Repost: Resident Evil 5: Desperate Escape Review

The second DLC pack from Capcom’s Resident Evil 5 entitled Desperate Escape has released and takes a different approach from the first DLC Lost in Nightmares by creating a more action focused mission between BSAA Agent Josh Stone and Jill Valentine. Instead of the nostalgic pairing of Redfield and Valentine, Desperate Escape is much like the title describes, trying to survive among pursing hordes.

Included in the DLC is also Rebecca Chambers and Josh Stone for Mercenaries Reunion. Capcom is also releasing Resident Evil: Gold Edition for PlayStation 3 on 1 Blu-ray and Xbox 360 which includes the original game and a download token for all the DLC.


Desperate Escape takes place right after Chris and Sheva free Jill from the mind control device and leave to confront Albert Wesker. Jill collapses and is woken by Josh Stone who pairs up with her to help Chris and Sheva with Wesker and escape the Tricell facility. The DLC is another in-between episode that expands the plot behind the scenes of the original story plot.

Both DLC packs focus on Jill Valentine and her story of the plot of the title, but Desperate Escape is a more ingrained in the story than Lost in Nightmares was.

The Look

Like the previous review of Lost in Nightmares, Desperate Escape uses the same engine and assets of Resident Evil 5 to present the story, so there are no unexpected surprises with the game.

The environments are different from the first DLC mission and take place outside the Tricell facility over docks and exterior areas. The path through the areas is very linear with co-op assists scattered throughout. With Desperate Escape, players will use Valentine and get a chance to take different routes throughout the areas.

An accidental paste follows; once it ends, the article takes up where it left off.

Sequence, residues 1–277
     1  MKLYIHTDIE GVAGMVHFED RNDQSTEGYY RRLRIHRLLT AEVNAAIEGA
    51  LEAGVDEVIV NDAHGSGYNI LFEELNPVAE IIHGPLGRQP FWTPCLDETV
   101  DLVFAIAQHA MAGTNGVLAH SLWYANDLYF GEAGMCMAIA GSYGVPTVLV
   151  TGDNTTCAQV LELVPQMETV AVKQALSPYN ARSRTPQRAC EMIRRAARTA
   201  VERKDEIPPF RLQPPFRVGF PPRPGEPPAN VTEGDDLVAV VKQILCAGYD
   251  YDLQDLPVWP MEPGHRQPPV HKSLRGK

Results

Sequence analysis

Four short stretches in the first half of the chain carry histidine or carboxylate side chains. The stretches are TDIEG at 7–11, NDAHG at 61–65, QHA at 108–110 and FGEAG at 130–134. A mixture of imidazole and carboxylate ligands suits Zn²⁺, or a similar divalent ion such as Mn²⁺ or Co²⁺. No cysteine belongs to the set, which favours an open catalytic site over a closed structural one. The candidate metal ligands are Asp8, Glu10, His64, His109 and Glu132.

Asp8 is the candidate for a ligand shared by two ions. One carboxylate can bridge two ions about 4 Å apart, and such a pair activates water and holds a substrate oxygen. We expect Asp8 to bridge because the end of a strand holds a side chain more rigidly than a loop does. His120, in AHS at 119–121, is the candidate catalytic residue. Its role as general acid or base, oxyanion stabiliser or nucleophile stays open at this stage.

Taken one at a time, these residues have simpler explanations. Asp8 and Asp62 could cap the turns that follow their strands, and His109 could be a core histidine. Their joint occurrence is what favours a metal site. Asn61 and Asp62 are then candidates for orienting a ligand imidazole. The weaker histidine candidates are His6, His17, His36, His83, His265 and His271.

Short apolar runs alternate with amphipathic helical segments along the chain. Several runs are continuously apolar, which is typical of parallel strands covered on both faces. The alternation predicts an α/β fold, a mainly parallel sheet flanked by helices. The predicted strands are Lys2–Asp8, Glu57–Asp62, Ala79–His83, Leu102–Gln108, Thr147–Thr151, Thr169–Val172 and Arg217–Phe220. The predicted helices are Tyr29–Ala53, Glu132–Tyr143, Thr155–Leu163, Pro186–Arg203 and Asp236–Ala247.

The Sound

While Lost in Nightmares was more of the silent type of mission with a lot of sound going into creating an eerie environment, Desperate Escape is an action mission full of bullets, explosions, and screaming. Jill is armed with a sub-machine gun and waves of enemies will run at the pair. Josh mainly uses the standard side-arm pistol, though red barrels are everywhere and create a lot of satisfactory explosions.


Again, the controls haven’t changed, though with the new setting of Desperate Escape, the DLC is a lot more engaging than Lost in Nightmares because the survival of Jill and Josh is based off of quick thinking and constant movement. It is easy to get boxed in by the enemies and the levels are designed that sitting in one place will only cause a massive loss in health.

Desperate Escape is what all the DLC should have been, episodes in-between the main plot and keeping with the engaging gameplay that the original game had. The DLC is more difficult and with the amount of enemies, playing co-op is smarter than single player with an AI partner.


Again, the DLC isn’t going to make or break the whole experience of Resident Evil 5. Desperate Escape is more fun than the first DLC mission and plays more like the original game, but it’s not entirely necessary to play to get the full story of Resident Evil or Jill Valentine.

Completists will enjoy the DLC and the additional achievements/trophies, but purchasing the DLC isn’t really necessary though enjoyable. Players who haven’t jumped into Resident Evil 5 can purchase the Gold Edition for $49.99 which includes all the DLC.